It may look like a decent imitation of leather, but artificial or faux-leather seats are made from vinyl. Modern processes (and in-car air-conditioning) means that the seats don't stick to the back of your legs, as they did in the past, but there is a slight plasticky feel that's obvious when you compare them diectly with genuine leather.

Luxury car makers say that an increasing number of customers are specifying fake leather because they are vegan, or have concerns about animal welfare and the environmental impact of the material. It's offered under various names: BMW's fake leather is called SensaTec, Lexus has NuLuxe and Land Rover uses Luxtec. The best-known brand is Artico, which is used with enthusiasm by Mercedes across much of its range. 

What is Artico Leather?

Mercedes might describe the material as 'Artico' leather; as well as being more acceptable to vegans, it also appeals because of its price. If you order real leather for your new Mercedes C-Class, for example, Mercedes will charge £795. Artico is a no-cost option.

As with other man-made leather materials, it's made to look and feel as much like the real thing as possible. Mercedes is successful: the days of horrible, shiny, hard vinyls are long gone for most mainstream car makers. But while these materials look convincing and cost much less than the genuine article, they don’t quite deliver the tactile quality of real, high-quality leather. Nor do they possess the enjoyable and distinctive smell.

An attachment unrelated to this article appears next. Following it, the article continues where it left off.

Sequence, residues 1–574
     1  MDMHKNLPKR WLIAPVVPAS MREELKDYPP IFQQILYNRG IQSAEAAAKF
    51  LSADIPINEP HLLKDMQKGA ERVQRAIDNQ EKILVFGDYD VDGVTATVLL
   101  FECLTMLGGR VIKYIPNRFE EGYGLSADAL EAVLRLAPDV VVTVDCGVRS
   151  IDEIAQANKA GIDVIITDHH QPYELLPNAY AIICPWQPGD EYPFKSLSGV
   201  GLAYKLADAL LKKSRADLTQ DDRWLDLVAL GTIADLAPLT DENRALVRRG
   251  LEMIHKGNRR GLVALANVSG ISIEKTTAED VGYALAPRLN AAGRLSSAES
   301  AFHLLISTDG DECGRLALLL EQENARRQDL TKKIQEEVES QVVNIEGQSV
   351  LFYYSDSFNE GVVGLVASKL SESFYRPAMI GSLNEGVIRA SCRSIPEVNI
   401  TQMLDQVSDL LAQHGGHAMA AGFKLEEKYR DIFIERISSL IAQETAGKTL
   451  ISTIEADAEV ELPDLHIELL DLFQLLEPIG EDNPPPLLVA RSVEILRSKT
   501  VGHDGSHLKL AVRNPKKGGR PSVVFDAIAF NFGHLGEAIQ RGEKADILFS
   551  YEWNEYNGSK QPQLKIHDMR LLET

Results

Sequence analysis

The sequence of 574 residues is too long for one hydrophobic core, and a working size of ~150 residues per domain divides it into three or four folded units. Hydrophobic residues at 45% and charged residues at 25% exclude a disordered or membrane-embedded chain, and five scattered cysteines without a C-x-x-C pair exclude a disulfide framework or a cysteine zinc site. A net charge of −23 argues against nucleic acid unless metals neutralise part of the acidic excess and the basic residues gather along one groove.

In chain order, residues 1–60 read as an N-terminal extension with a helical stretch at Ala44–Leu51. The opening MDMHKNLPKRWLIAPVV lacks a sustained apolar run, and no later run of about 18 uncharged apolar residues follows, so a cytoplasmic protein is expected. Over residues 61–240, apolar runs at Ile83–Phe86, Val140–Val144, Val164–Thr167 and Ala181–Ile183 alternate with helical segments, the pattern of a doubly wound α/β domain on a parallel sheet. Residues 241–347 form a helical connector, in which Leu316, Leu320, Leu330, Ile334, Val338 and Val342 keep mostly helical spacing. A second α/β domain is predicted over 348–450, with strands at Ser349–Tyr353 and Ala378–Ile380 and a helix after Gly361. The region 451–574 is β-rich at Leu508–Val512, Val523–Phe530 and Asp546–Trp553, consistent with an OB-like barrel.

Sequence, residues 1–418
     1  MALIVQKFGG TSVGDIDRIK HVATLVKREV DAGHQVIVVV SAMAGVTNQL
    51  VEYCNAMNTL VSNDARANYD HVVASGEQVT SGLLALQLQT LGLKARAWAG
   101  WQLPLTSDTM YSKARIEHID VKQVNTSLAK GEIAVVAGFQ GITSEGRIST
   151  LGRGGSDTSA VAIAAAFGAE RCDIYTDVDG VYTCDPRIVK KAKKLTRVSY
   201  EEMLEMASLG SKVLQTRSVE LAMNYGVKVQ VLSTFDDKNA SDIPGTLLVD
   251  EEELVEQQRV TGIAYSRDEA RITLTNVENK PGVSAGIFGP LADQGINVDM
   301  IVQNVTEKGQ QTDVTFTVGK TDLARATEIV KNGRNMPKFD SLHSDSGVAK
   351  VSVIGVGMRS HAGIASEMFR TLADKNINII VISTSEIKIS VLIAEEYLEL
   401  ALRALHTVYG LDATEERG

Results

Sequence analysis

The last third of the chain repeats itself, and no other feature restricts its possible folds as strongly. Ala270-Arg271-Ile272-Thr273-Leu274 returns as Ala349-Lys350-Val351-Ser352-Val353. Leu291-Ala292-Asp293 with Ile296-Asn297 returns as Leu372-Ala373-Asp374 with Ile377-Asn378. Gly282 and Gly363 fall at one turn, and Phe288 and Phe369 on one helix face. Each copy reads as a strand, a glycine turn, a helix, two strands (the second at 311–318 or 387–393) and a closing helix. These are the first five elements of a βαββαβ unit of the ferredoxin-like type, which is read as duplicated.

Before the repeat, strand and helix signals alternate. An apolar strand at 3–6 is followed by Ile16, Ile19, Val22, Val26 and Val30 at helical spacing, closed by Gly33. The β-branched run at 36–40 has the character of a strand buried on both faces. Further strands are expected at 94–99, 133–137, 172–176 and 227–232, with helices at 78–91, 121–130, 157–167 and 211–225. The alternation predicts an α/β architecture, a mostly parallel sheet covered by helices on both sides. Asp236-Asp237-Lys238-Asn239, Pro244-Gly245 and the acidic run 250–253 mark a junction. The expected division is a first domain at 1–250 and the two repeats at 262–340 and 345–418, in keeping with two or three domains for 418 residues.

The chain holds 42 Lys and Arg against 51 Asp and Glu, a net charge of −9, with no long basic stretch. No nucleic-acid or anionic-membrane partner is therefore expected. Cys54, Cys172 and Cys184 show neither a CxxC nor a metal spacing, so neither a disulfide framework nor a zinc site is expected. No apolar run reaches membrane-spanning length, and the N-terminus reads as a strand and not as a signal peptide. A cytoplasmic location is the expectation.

Artificial leather seats: the good

✔  Cheaper than genuine leather
✔  Hard to tell the difference unless you're looking carefully
✔  No animals harmed in its production

Artificial leather seats: the bad

Slightly plasticky feel
Stickier than cloth or leather when hot
No leather smell 

Alcantara and Suedecloth seats

These materials have the luxury feel of suede but without that material's tendency to wear down quickly and pick up stains from spillages. The plush look and soft finish of alcantara and suedecloth is most commonly found in more expensive vehicles - even the cockpit of some Formula One cars. This association with priciness is why car manufacturers generally keep quiet about what the material is actually made of: plastic.

It's sometimes combined with other materials to produce alternative fabrics; you can order a wool and suedecloth blend in the Range Rover Velar

What is Alcantara?